How do you actually learn how to do that? Someone is giving you information, and then you have to process it into your art form and language and then give it back to them. Then they have to listen to it and say, “Ah, yes, this is actually this thing that I was thinking,” or, “This isn’t the thing I was thinking, but it’s better,” or, “Nope, never mind.” How do you learn how to do that, especially since you’re working with different artists each time, who each have a different vocabulary?

You’ve summed up the whole challenge! For those of us who write or create anything, there’s two brains. There’s the creator and the critic. The critic is the one that tells us what clothes to put on and is this room too warm, and what are we going to have for lunch and all these judgments we need to make to function. But when you’re creating, that voice can shut down every good idea you’ve ever had. You have to learn to let the creative voice just do something without explanation and justification and let that bloom for a while. Only after the flower has had some water and some sun do you want to let that critical voice that you use every day have at it to say, “Well, this is the flower, but it could be so much different. It needs to be a different color, it needs to be taller, the leaves are the wrong shape.”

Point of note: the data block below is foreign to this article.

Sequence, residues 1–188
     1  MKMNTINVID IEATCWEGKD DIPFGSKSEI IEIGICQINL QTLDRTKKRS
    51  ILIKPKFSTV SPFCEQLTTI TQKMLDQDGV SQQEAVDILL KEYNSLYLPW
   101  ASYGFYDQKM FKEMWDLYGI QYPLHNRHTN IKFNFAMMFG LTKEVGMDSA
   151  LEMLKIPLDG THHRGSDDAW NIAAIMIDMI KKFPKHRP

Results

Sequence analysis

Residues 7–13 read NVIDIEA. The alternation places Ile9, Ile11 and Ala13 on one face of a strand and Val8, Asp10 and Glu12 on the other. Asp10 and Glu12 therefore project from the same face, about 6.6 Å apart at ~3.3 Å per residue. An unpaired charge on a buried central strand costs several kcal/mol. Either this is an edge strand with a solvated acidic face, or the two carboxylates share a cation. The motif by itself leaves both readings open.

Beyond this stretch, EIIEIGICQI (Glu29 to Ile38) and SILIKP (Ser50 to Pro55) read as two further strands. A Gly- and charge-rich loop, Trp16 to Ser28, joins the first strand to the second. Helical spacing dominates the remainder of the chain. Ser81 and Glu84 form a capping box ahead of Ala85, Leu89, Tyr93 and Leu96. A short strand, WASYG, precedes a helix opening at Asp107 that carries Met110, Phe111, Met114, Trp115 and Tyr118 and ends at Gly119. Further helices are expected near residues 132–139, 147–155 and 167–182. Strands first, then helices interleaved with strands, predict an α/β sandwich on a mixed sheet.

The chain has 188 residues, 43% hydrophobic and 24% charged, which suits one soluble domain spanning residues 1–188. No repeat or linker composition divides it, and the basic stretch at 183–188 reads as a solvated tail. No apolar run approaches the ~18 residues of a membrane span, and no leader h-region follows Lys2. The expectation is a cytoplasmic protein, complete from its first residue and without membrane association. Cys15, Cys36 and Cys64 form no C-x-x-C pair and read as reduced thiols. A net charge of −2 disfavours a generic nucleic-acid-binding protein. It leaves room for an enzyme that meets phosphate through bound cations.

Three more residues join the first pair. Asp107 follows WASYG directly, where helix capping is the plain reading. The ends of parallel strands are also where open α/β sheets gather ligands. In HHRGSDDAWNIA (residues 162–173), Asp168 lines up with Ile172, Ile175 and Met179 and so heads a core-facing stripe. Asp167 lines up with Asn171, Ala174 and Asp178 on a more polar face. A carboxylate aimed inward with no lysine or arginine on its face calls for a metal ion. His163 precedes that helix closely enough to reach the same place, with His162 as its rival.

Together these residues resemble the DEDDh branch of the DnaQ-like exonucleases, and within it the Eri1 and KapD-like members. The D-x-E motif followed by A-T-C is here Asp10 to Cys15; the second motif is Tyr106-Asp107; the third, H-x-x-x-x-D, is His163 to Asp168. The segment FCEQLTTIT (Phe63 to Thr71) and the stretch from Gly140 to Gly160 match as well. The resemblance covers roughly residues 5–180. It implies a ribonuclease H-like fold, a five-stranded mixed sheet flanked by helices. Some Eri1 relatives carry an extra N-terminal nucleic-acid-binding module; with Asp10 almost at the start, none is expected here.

But if there is no flower, your critic doesn’t get to make those judgments. How that relates to a filmmaker is that you have to be the creator and create based on what they’re looking for and then allow them to have that voice that says, “I love it and it needs to be totally different.” One of the notes Cory Finley gave me was about a piece called “Eye Contact,” which is in a love scene. After he heard my first version of it, he said, ” ‘Eye Contact’ is insanely gorgeous. Can you change the first three chords?”

What did he want out of those first three chords?

It was too dark. In this scene, at least one of the characters is in a lot of conflict internally, which he doesn’t express, but it’s clearly going on. I was feeling that and responding. In his mind, in the way it was landing for him, the music was implying that there was something darker in the scene that the audience should really be feeling at that point.